# Number of Daubechies coefficients

I am wondering about the correlation between input size and number of coefficients given by a discrete wavelet transform.

I am using Daubechies wavelets to describe a 1D function and I'm using PyWavelets to implement it (which is analogous to the MATLAB toolbox).

I started by implementing it using Haar wavelets, which gave correct results and I understand exactly how it works. Let's say my input function has 16 datapoints, if I use Haar, what I get from a multilevel decomposition (wavedec) is something like this (the number of shifts in brackets):

V1, W1, W2, W3, W4


This is all well and good. The V1 gives me the scaling function and the W1-W5 wavelets of different scale and dilation. My problem is when I use the next Daubechies (referred to as 'db2' in the toolbox, which is called the D4), and I get

V1, W1, W2


I lose all my intuition. I have no idea where 6, 6 and 9 come from, and they change depending on the level I specify (not even sure what it means to specify a level) and of course the input size. How can I predict the number of coefficients, and what are some good resources for gaining better understanding of why?

Thanks!

EDIT: Clarification on V and W:

$V_n$ usually denotes the span of a certain scaling function, $\phi$, i.e. $\{\phi_{n,k}\}$, where $k$ is the shift and $n$ the scaling. $W_n$ is the same except for the wavelet function, $\psi$. I might have abused the notation a bit by referring to the vectors of coefficients by V and W though.

EDIT2: Code

Here is the MATLAB code to produce the above:

>> [C, L] = wavedec(1:16, 4, 'db1'); L
L =
1     1     2     4     8    16
>> [C, L] = wavedec(1:16, 2, 'db2'); L
L =
6     6     9    16


I actually used PyWavelets, where it looked like this:

>>> import pywt
>>> map(len, pywt.wavedec(range(16), 'db1')) # defaults to level = 4
[1, 1, 2, 4, 8]
>>> map(len, pywt.wavedec(range(16), 'db2')) # defaults to level = 2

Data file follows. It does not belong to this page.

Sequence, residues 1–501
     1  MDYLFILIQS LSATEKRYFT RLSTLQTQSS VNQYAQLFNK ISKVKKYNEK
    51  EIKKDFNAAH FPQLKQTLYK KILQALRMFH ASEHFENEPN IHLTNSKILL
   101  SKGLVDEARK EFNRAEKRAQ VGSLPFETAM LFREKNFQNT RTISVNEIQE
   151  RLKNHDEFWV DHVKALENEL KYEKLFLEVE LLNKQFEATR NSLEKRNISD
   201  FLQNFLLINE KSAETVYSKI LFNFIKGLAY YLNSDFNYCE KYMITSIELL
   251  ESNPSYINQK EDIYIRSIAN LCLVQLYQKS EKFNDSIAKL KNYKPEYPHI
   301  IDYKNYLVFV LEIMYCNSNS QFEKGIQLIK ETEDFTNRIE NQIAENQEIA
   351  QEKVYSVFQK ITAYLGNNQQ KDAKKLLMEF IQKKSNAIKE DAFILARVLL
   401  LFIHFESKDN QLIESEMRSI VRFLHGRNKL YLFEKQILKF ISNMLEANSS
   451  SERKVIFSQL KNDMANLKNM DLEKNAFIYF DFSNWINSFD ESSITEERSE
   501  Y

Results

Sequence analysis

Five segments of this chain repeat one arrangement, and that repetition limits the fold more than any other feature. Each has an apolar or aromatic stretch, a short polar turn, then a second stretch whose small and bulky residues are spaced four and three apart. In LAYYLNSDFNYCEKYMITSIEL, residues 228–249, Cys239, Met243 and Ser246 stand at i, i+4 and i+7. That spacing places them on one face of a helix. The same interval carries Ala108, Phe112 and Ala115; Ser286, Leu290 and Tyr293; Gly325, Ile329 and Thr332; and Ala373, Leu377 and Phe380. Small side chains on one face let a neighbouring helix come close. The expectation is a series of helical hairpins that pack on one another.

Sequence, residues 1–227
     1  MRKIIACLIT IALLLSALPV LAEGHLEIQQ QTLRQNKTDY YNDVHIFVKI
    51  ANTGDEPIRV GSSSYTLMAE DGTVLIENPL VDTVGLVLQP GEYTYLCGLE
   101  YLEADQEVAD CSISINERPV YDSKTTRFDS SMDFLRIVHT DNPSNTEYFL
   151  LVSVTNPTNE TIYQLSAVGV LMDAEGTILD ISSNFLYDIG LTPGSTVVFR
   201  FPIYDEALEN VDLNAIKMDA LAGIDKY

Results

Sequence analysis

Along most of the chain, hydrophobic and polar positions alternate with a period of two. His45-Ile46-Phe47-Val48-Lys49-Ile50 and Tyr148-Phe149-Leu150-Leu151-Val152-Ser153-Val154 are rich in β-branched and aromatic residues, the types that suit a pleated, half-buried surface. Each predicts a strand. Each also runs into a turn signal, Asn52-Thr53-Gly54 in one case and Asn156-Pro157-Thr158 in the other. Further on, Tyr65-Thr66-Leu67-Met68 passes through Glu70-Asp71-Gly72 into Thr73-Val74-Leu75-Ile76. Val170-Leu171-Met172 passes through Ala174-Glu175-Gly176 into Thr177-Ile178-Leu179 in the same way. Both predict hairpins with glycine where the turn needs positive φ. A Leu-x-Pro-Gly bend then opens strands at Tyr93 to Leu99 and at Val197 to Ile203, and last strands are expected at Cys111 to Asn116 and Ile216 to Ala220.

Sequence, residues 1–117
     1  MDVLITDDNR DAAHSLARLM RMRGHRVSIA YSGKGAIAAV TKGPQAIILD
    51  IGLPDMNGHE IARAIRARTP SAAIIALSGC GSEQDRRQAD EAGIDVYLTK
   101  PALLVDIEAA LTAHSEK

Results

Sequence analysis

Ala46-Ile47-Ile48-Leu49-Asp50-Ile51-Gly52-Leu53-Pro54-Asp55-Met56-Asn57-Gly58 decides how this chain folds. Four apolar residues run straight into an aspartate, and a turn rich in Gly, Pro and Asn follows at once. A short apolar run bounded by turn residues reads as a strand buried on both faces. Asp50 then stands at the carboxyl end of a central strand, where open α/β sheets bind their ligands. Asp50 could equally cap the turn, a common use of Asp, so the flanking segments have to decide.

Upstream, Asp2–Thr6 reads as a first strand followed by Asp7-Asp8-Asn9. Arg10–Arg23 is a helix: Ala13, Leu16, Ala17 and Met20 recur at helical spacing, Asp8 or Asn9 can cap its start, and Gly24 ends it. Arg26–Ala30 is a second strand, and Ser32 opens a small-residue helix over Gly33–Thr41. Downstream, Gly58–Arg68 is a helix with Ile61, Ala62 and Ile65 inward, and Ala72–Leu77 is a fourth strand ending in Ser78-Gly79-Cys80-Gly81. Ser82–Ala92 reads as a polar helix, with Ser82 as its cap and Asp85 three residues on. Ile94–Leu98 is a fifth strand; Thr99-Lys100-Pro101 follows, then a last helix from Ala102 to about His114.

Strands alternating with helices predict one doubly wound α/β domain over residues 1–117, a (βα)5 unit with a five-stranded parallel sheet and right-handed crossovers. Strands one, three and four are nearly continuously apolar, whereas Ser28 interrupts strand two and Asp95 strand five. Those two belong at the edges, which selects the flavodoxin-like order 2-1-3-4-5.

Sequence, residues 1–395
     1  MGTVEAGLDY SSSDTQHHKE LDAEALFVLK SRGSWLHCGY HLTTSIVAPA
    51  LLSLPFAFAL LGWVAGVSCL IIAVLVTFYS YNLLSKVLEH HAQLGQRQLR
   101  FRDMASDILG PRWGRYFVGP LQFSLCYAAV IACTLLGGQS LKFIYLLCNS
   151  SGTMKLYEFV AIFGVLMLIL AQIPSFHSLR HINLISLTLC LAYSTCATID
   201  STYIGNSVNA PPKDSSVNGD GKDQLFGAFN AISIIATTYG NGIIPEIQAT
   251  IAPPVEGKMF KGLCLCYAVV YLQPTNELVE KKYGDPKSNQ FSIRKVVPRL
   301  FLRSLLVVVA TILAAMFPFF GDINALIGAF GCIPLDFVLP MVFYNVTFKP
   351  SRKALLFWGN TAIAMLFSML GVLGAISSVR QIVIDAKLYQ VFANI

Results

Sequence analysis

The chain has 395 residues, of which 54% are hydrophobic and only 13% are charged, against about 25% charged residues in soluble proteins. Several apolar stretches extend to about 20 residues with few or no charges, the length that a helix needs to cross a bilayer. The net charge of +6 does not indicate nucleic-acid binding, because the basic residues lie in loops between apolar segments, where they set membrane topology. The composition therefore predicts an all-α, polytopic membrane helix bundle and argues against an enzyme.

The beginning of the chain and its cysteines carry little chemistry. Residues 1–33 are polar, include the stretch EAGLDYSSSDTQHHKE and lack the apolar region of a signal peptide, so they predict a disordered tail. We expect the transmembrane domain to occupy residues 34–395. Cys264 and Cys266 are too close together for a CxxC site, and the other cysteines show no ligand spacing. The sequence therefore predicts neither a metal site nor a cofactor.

[6, 6, 9]

• What are V and W? Jul 3, 2012 at 13:38
• @Phonon I added a clarification in the question. Jul 3, 2012 at 14:26
• So by V1, W1, W2 you mean that you get a scaling function of length 6, and two wavelet functions of lengths 6 and 9? Or are these the numbers of coefficients of the different level of your transformed signal? MATLAB code to get these would be very useful as well. Jul 3, 2012 at 14:36
• @Phonon The latter. Check the code I added. Thanks! Jul 3, 2012 at 15:24
• Yeah, this is helpful. I'll dig around in MATLAB docs. Jul 3, 2012 at 15:35

According to MATLAB documentation on wavedec,

The length of each filter is equal to $2N$. If n = length(s), the signals $F$ and $G$ are of length $n + 2N −1$ and the coefficients $cA_1$ and $cD_1$ are of length

$$\text{floor}\left( \frac{n-1}{2} \right) + N$$

Here, $n=16$ is the length of your signal, and $N=2$ is the Daubechies number.

Putting all that together, your detail coefficients at the second level should be of length

$$\text{floor}\left( \frac{16-1}{2} \right) + 2 = 7+2 = 9.$$

At the second level, you coefficients should be of length

$$\text{floor}\left( \frac{9-1}{2} \right) + 2 = 4+2 = 6.$$

If you're wondering why this must be the case, imagine the filtering-decimation procedure. Scaling and wavelet function for $\text{db}m$ wavelets are of length $2m$. When you convolve length $n$ signal with length $2m$ signal, you get back a signal of length $l_0=n+2m-1$. If you take every second sample of this resulting signal, you get back something of length $l_1 = \frac{n+2m-1}{2} = \frac{l_0}{2}$. Of course, if $l_0$ is odd ($n$ is even), then we cannot split the signal exactly into two parts. With clever mathematics that I will not go into here, you can show that this last non-paired coefficient is redundant anyway (carries no information that we don't yet know), so you can just omit it. Therefore, we will always have the resulting decimated signal of length

$$l_1 = \text{floor}\left( \frac{l_0}{2} \right) = \text{floor}\left( \frac{n+2N-1}{2} \right) = \text{floor}\left( \frac{n-1}{2} \right)+N.$$

• Exactly the kind of derivation I was looking for. Thanks a lot! Jul 3, 2012 at 16:59
• Can you please explain that what are F and G signals?
– Weam
Feb 23, 2016 at 18:55